Commercial viability to small and medium sized bakeries Both small to medium sized bakeries and large-scale industrial bakeries will look to cash in on the opportunities in the long-run. The relative attractiveness of the bread and baked goods portfolio may hover around competitive yields and functionalities ideal to bread flour blends.

Commercial viability of flour will count on an affable and coordinated approach among breeders, grower, logistics and marketers. In a scenario where customers are unfamiliar with the product specific attributes and in a scenario where industry players gear to claim new market share, streamlining flour and bread manufacturing becomes indispensable.

Smaller mills are catering to the needs of micro-bakeries and artisanal and rendering online services. Grappling with the empty supermarket shelves, several shoppers have turned to local mills.

According to the National Agriculture Statistics Service (NASS) of the U.S. Department of Agriculture, all wheat ground for flour was 219 million bushels during the Q2 2020, 6% dip from the Q1 2020. Meanwhile, 4% of the total floor production stemmed from 4.48 million hundredweight during the Q2 2020.

With soaring consumers spending, flour and bread manufacturing will gain a notable uptake as the prices of major commodities, including corn, wheat and other gains will witness less fluctuation.

Demand for flour and bread in the first and second quarter spurred by leaps and bounds, partly attributed to panic buying, stockpiling and in other cases, hoarding amidst COVID-19 fallout. Customers exhibited traction for larger 10- and 25-pound bags of flour as agencies and other governing bodies strive to flatten the curve.

Consumers’ inclination towards handcrafted, traditional and fresh breads has become the talking point. So much so that smaller loaves have gained impetus in recent years as sustainability takes center-stage.

Revenue stream in niche markets in Asia Even though consumption of bread is mainly dominated by the U.S., U.K., Germany, Russia, consumption has potentially reached at a saturation level in several western countries. Bread consumption is likely to surge in Asia and Africa, with countries such as Australia, Indonesia, India, South Africa and Nigeria leading from the front.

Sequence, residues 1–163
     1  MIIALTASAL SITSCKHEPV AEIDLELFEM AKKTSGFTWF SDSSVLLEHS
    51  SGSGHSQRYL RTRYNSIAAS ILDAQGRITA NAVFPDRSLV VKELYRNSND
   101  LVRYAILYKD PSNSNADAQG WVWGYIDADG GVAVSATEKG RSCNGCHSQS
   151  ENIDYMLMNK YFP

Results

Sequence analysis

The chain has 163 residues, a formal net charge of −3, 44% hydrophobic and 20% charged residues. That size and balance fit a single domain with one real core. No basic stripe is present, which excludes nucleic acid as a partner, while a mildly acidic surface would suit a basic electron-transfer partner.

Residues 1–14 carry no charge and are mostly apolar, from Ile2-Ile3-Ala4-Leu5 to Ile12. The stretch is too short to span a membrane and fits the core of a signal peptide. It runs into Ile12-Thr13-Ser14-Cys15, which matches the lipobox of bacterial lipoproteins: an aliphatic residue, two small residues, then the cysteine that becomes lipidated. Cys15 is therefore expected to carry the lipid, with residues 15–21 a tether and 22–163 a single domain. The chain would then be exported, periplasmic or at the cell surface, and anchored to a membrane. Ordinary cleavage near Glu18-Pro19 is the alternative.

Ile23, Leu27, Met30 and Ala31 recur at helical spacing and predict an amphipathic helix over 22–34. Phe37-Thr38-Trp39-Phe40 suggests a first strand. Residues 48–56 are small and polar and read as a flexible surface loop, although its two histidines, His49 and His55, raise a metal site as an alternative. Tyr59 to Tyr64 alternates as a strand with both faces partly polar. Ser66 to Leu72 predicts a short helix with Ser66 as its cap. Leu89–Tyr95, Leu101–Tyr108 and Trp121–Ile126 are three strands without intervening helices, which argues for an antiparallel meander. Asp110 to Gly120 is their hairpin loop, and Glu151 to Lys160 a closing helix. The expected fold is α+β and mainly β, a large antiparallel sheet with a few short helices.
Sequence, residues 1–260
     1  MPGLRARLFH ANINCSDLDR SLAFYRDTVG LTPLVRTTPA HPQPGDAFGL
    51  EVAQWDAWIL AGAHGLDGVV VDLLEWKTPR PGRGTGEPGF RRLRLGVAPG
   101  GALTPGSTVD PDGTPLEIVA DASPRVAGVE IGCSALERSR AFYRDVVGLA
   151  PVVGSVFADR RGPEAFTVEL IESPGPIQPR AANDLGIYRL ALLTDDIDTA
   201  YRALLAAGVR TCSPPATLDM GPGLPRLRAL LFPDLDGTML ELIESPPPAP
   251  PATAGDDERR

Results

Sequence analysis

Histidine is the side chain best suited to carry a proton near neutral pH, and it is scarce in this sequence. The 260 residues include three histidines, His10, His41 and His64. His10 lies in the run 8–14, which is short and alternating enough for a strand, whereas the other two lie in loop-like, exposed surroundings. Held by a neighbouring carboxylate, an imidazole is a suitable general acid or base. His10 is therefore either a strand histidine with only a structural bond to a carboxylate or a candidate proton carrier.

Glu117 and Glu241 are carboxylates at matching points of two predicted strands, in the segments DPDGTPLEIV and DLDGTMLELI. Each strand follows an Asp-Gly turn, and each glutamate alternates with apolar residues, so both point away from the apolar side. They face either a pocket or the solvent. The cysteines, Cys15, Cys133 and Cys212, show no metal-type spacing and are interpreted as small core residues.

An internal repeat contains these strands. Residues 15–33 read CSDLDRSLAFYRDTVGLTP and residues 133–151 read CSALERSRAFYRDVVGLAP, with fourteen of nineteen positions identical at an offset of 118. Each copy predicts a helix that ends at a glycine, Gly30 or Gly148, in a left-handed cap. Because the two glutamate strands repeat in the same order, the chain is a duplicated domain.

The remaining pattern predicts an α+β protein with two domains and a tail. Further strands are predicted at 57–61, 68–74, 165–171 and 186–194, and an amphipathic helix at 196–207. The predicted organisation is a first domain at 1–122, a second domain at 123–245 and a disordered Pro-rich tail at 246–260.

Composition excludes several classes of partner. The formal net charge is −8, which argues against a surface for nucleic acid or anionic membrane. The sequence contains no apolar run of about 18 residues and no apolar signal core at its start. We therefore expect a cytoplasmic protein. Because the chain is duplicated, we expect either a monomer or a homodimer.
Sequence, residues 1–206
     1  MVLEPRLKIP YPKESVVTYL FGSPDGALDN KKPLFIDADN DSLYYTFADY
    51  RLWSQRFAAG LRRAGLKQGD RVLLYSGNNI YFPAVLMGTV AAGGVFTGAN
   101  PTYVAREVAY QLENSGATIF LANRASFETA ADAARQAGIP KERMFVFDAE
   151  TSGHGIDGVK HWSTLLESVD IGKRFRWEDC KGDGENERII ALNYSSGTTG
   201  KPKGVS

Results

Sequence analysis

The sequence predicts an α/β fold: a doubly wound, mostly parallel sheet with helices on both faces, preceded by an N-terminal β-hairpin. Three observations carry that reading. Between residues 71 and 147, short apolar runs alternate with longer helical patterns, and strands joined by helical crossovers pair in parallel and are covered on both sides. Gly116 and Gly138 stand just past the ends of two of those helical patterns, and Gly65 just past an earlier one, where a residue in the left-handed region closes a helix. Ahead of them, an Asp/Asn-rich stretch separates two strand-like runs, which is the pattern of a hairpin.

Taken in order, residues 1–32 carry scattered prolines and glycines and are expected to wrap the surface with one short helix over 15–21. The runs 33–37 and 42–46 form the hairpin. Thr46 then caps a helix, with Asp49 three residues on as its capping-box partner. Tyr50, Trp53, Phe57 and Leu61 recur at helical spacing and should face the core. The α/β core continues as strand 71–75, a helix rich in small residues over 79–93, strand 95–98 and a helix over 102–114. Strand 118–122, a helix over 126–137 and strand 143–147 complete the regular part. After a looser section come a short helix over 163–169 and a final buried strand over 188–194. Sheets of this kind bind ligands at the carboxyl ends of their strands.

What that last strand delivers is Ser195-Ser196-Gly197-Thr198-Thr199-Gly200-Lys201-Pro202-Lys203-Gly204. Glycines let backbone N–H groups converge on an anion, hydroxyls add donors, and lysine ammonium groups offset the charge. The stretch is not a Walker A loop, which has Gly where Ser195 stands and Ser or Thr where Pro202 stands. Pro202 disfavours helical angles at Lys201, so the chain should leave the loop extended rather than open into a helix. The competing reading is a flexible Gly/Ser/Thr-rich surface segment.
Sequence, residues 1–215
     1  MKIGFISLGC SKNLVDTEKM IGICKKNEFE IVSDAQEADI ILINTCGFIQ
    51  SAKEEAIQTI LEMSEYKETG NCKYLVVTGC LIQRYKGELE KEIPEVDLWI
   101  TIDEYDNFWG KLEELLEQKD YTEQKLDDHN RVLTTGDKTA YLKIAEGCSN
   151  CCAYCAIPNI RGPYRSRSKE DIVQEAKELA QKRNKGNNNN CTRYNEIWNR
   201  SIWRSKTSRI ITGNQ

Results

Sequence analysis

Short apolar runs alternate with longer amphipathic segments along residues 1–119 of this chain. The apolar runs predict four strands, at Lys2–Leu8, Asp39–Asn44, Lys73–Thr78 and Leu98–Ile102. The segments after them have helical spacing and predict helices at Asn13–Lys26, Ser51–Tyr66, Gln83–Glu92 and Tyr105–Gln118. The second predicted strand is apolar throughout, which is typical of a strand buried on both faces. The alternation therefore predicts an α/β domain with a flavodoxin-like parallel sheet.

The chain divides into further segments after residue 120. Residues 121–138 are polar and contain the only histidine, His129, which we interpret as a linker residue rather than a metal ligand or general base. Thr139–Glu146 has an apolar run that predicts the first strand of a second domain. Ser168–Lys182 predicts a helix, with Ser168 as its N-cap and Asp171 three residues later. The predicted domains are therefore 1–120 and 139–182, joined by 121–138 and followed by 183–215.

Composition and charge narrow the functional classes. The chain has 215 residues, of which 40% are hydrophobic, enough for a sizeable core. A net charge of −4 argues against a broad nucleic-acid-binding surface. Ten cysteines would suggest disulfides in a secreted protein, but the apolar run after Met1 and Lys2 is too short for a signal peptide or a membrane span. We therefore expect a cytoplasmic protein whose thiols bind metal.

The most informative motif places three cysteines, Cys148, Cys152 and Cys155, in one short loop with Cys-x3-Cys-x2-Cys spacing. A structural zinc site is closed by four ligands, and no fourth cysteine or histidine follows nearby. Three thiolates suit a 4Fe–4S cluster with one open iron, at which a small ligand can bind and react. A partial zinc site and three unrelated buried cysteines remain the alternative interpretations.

Asian diets will continue to mirror the dietary shifts witnessed in the past several years in advanced economies in the Europe and North America.

Assimilating the economic rationale, a major consideration may be to expand footfall in untapped areas in Asia, Africa and Latin America. According to Statista, China consumed around 125 million metric tons of wheat, while the U.S. wheat consumption was pegged at over 30 million metric tons.

Each flour and bread manufacturing market across the globe has unique and subtle needs, owing to their style of bread; physical appearance of the bread; ingredients; and bread-making process.

A moderate surge in per capita consumption of bread can keep up with the production of wheat. Dough-rheological parameters and grain quality may be the benchmark of the end product functionality. For instance, as compared to what with protein content of merely 10% protein, wheat with protein content of over 13% will make better bread. Baking functionality will count on grain attributes, including grain protein.

North American high protein grades may be more lucrative as Canadian wheat and American DN continue to expand penetration across the globe.

Major flour-use segment in the global market may hover around bakery products, instant and dry noodles, cakes, biscuits, confectionary and wet/fresh noodles. Upsurge in the production of these products will bode well for flour and bread manufacturing industry.

It is needless to say that bread is made is various ways in different markets and each market has its own consumer preferences. A niche market opportunity may be seen in geographically lucrative areas.